Every person needs to eat, and whether another recession comes or not, people will still find the time, money, and occasion to go out and dine. When the opposite occurs, and there is a booming economy, even more people leave their kitchen untouched as they seek out the hottest new restaurants in the neighborhood.
What does this mean for culinary students? It means that this is an industry that is always thriving, and always offering opportunities for those who go out and excel at what they do. The following is a snapshot of some of the top jobs in culinary management that will reward graduates financially and emotionally with high job satisfaction:
Dietary Manager: Make a Difference
Dietary managers are the kitchen heads of big organizations like hospitals, nursing homes, and other non-commercial facilities. It is their job to work in tandem with the dietitian to produce nutritious and balanced menus within the facility's budget. Unique dietary management tasks include managing and scheduling kitchen staff, preparing and managing inventory, and conducting research on the effectiveness of different dishes. This can be an ideal career for those who don't enjoy the fast-paced and high turnover environment of the restaurant industry, but are great leaders who love food and want to make a difference in their clients' lives.
Restaurant Consultant: Be a Troubleshooter
If the idea of working in just one kitchen or building bores you, then you should look into becoming a restaurant consultant. Restaurant consultants may either work independently or under the umbrella of a larger consulting firm. Their job is to go out to restaurants who have problems with a particular aspect of their business and help them troubleshoot working solutions. For instance, if a bistro had a problem with their branding, they would call in the restaurant consultant to offer suggestions on menu changes, interior design, and other related concepts. This can be a great career path for people who are more creative and love being thrown into troubleshooting scenarios.
Food and Beverage Director: Maintain Order
The managerial position of food and beverage director can be found in hotels, amusement parks, and other for-profit facilities where there are a lot of revolving guests. The top goal of food and beverage directors is to ensure that all guests have a great experience with the organization's food service, whether this involves eating at the on-site restaurant, ordering room service (such as in a hotel), or during the course of a special catered event. It is also their responsibility to ensure that staff are following the recipes to create desired, high-quality meals. Other tasks involve heading the inventory, staff scheduling, and keeping food service equipment and facilities up to code.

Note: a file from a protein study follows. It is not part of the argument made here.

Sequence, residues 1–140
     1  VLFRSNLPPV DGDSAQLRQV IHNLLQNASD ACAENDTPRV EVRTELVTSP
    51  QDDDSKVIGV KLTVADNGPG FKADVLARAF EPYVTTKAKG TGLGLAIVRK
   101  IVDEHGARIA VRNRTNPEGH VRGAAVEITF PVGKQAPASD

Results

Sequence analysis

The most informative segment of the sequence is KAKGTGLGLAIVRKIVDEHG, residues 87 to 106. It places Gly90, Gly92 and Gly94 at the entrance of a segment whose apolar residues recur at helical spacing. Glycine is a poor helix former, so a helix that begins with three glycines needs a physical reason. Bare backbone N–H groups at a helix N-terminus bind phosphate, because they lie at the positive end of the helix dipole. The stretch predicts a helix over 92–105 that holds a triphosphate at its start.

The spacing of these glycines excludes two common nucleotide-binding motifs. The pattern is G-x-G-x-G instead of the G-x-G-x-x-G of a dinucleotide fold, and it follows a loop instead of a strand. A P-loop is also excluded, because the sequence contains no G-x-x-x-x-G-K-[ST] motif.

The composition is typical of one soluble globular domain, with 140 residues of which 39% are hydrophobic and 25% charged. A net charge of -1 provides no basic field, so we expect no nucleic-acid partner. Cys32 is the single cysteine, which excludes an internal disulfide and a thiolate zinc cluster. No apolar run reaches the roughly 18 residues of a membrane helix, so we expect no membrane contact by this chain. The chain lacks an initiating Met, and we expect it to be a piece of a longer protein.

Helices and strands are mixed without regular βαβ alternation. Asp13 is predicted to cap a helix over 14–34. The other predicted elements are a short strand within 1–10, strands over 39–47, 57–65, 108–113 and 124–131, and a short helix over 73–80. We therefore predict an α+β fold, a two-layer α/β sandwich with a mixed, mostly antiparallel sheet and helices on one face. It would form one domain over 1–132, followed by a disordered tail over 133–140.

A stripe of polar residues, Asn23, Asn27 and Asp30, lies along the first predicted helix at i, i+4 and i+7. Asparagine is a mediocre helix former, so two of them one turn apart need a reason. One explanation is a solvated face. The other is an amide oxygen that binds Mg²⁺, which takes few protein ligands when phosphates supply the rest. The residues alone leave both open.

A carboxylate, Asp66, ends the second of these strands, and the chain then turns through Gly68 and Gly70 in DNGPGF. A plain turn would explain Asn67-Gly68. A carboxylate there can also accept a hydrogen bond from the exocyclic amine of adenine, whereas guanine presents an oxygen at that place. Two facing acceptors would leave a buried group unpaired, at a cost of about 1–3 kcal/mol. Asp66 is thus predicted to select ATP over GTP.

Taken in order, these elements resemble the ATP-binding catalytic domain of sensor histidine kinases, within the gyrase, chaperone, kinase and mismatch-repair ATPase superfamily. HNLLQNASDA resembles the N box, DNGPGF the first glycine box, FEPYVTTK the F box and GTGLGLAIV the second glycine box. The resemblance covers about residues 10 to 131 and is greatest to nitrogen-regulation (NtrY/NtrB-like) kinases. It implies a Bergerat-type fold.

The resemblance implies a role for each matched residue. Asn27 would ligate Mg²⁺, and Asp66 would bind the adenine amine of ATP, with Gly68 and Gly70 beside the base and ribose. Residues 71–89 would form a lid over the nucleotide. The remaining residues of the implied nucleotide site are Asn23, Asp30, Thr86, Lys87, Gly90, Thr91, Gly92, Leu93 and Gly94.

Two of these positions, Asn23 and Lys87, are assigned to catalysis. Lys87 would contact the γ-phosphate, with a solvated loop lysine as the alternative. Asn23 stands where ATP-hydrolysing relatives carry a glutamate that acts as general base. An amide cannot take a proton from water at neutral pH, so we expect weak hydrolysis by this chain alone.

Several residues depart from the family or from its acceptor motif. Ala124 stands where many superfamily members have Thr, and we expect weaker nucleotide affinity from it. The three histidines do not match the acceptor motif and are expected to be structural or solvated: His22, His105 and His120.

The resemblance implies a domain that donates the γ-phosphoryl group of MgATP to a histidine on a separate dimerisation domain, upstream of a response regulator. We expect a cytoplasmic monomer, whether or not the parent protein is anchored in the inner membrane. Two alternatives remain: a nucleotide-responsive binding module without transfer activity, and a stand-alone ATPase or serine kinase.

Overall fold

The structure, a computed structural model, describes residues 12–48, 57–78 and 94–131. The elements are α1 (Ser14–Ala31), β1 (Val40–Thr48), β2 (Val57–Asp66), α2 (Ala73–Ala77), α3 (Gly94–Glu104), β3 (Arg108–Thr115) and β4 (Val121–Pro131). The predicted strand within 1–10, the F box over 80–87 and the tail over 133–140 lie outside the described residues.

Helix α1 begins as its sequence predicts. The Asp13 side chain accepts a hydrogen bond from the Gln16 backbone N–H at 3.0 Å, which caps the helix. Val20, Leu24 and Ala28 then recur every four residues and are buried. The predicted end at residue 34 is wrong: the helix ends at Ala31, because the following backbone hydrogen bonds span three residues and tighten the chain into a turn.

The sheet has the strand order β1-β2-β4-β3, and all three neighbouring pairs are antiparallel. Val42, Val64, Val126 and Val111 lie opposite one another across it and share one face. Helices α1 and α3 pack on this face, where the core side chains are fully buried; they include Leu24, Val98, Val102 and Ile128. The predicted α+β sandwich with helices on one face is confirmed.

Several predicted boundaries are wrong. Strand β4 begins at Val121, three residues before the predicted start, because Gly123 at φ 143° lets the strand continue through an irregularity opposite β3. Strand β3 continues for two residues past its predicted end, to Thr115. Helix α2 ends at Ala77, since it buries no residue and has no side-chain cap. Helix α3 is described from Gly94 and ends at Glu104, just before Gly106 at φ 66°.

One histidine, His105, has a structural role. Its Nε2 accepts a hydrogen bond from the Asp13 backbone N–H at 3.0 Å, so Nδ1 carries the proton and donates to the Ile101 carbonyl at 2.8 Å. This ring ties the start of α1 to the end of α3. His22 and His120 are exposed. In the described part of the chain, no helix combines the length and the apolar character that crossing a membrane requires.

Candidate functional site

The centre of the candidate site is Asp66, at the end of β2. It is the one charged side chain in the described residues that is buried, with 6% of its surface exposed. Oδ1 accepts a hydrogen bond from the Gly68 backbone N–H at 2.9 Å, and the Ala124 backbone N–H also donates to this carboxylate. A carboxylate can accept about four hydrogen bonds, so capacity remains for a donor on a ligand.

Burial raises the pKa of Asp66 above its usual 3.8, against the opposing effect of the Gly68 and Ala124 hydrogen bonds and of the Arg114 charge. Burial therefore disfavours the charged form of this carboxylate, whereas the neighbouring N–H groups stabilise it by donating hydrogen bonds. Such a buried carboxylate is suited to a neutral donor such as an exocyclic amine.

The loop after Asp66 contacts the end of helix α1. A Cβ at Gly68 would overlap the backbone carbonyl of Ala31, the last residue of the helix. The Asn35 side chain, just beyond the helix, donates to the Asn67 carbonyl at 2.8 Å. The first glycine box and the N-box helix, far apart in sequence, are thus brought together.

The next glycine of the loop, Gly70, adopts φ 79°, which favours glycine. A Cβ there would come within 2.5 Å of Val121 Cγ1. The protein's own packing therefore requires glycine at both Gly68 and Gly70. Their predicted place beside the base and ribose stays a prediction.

Restaurant General Manager: Be a Jack of All Trades
If you love the fast-paced environment of the restaurant industry and thrive in situations where you must think your toes and multitask, then the career of a restaurant general manager might be the one for you. Restaurant general managers are a part of every size of restaurant, from the hole-in-the-wall bistro to the national fast food chain. This role involves being a part of most every aspect of the industry from hiring new staff to creating menu budgets. If the restaurant suddenly gets slammed, the restaurant general manager may even grab a server's apron and start taking orders. People who wish to pursue this career track should enjoy working with people of all backgrounds and have a cool-headed demeanor with the ability to stay calm and troubleshoot during tense and stressful situations.
Restaurateur: Be a Business Savvy Food Lover
Want to truly be your own boss? Some people seek out a degree in food service management because they have the end-goal of opening and owning their own restaurants. While some restaurateurs come from a culinary background, such as being a professionally trained chef, many others thrive in this industry by having a strong business background, which is where a management degree comes into play. The restaurateur is the CEO of the restaurant, meaning their job involves making sure the food is great, the service is excellent, and the profit margin is high.
ECPI Culinary Arts Norfolk Open HouseMany newly trained chefs plated delicious foods and deserts. I tasted http://t.co/AEkzHpM90w
— steven Altman (@stevenAltman2) September 23, 2015
Start Your Food Service Management Career Today
If the idea of pursuing one or more of these culinary management careers intrigues you, then you should consider earning a Bachelor of Science in Food Service Management. This program not only helps you understand the general day-to-day operations necessary in operating a food service establishment, but with hands-on experience you'll also gain the confidence you'll need to become a leader. Learn more about this program and its exciting opportunities - it could be the Best Decision You Ever Make.
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